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Nina Riddell, Sheila Gillard Crewther, Melanie Murphy, Loretta Giummarra, Pierre Faou, David Crewther; Retina/RPE proteome profiles in the chick model of optically-induced refractive error. Invest. Ophthalmol. Vis. Sci. 2017;58(8):5479.
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Several exploratory transcriptome studies have profiled gene expression in the widely used chick model of refractive error, however, relatively little is known about corresponding proteome changes. Thus, this study used an exploratory label-free relative quantification approach to profile protein expression in the chick retina/RPE following 6 and 48hrs of defocus-induced myopia and hyperopia.
Chicks were raised from post-hatch day 5 with monocular +10D or -10D lenses, or No Lens. Following 6 and 48hrs, five chicks per lens-group were anesthetized and biometric measures were collected. Retina/RPE sections were then removed from the posterior eyecup and prepared for analysis by LC-ESI-MS/MS on a LTQ-orbitrap Elite (Thermo-Scientific). Raw data was processed using MaxQuant. Differentially-expressed proteins were identified using t-test (FDR<0.05) in Perseus, and Reactome pathway expression changes were identified using Gene Set Enrichment Analysis (GSEA; FDR<0.05).
A large number of proteins were differentially-expressed in both negative (327 at 6hrs & 252 at 48hrs) and positive (162 at 6hrs & 542 at 48hrs) lens groups relative to age-matched controls. These single protein expression changes were highly similar across the lens groups, with only two proteins (E1BZE1/AHSG & R4GFD0/PSME4) differentially-expressed in a sign-of-defocus dependent manner. Pathways related to ribosomal protein expression were down-regulated in both lens groups at 6hrs. Further pathways related to energy metabolism, SLC-mediated transmembrane transport, insulin secretion, GABA synthesis/release/re-uptake, and hemostasis were down-regulated in the 6hr negative lens group only. The same pathways were down-regulated over time in normally developing animals.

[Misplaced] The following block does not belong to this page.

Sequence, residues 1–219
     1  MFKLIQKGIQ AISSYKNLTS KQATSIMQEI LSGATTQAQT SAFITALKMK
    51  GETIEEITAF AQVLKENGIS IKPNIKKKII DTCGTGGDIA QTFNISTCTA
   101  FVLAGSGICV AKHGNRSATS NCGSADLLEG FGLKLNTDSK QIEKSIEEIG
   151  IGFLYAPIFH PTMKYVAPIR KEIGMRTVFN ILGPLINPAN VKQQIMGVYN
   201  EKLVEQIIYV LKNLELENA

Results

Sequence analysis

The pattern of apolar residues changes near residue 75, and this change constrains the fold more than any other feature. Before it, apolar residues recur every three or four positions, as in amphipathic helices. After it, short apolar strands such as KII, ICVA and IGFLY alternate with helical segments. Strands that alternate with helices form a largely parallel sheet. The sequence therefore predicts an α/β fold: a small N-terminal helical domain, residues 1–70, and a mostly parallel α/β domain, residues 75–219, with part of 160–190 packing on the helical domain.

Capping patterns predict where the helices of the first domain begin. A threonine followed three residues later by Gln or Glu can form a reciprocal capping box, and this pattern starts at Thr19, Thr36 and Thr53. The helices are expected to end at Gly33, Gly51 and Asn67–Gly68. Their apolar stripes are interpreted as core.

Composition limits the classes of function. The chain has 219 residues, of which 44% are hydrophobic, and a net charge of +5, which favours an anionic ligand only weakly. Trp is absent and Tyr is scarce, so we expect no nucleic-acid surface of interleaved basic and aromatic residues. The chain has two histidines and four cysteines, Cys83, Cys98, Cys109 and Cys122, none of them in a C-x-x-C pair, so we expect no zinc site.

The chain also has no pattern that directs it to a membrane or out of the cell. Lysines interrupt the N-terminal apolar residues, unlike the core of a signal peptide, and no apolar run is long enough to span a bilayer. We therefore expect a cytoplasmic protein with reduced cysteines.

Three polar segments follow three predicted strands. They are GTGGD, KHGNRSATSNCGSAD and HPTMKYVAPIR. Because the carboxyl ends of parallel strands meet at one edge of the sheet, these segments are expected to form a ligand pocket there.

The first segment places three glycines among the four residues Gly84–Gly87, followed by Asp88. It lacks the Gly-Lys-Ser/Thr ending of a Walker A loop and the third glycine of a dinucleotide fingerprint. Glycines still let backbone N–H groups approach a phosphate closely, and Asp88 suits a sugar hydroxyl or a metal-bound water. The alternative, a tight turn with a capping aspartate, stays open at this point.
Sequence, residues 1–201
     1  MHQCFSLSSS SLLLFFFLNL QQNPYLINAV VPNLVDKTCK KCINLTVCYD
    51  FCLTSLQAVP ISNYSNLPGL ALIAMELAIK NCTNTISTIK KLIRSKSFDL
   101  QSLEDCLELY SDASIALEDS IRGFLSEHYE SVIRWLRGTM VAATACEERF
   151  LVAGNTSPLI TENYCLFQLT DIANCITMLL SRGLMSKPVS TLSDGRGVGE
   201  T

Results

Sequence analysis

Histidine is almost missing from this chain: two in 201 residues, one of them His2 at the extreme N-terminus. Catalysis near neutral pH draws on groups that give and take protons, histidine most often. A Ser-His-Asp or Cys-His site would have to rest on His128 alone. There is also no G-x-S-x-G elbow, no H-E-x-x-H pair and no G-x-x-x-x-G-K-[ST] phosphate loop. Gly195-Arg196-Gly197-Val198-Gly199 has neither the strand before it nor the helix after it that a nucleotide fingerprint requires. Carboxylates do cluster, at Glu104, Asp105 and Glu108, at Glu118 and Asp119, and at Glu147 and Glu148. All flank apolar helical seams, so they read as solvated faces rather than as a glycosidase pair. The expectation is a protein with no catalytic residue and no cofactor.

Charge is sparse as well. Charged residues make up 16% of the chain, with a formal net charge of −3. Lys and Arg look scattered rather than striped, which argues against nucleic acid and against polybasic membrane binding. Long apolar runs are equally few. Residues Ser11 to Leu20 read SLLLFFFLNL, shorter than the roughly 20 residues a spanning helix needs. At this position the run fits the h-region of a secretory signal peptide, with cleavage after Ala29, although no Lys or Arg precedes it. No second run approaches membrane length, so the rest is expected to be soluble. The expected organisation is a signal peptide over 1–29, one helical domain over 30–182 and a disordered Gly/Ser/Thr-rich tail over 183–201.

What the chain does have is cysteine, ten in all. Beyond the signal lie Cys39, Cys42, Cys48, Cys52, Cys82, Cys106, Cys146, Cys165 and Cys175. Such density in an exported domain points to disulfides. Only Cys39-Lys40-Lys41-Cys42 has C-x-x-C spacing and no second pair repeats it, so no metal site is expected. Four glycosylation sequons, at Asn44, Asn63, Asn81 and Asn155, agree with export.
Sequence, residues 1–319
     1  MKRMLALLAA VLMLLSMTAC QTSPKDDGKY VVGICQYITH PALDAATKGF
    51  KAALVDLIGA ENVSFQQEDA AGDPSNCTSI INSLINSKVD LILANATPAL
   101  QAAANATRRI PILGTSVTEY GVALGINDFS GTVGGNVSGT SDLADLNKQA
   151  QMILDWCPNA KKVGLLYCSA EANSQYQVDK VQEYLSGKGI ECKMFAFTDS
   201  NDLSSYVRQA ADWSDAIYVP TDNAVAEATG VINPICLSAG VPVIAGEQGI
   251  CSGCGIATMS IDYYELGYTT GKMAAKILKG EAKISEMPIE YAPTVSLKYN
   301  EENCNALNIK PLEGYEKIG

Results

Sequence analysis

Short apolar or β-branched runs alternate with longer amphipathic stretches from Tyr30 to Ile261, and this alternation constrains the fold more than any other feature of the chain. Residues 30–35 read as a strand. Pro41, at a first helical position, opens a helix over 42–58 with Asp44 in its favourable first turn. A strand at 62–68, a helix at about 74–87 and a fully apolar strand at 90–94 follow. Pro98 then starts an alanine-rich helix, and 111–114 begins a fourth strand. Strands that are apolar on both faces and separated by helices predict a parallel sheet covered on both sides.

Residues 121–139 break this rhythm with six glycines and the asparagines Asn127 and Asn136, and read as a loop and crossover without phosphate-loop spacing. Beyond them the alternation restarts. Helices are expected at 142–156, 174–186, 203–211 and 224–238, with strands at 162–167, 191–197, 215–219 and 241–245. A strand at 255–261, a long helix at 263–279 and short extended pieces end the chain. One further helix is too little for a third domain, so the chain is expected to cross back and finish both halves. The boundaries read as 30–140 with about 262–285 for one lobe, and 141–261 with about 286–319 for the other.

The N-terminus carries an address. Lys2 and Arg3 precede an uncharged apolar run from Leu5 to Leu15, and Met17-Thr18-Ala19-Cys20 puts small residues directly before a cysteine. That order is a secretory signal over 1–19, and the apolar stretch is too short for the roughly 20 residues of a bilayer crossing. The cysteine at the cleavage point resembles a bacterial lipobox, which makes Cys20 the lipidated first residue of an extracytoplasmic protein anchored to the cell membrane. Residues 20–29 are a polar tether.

Similarities across negative and positive lens groups suggest that most of the measured expression changes were responses to non-specific factors (e.g. blur or physiological stress). Although GSEA confirmed the early involvement of several pathways previously hypothesized to play a role in myopia induction (e.g. insulin, GABA, & energy metabolism), the results also suggest that expression changes in these pathways may reflect an acceleration of the normal development program. Further research investigating this interplay with normal development may help to elucidate the mechanisms driving these expression changes and clarify cross-study disparities.
This is an abstract that was submitted for the 2017 ARVO Annual Meeting, held in Baltimore, MD, May 7-11, 2017.
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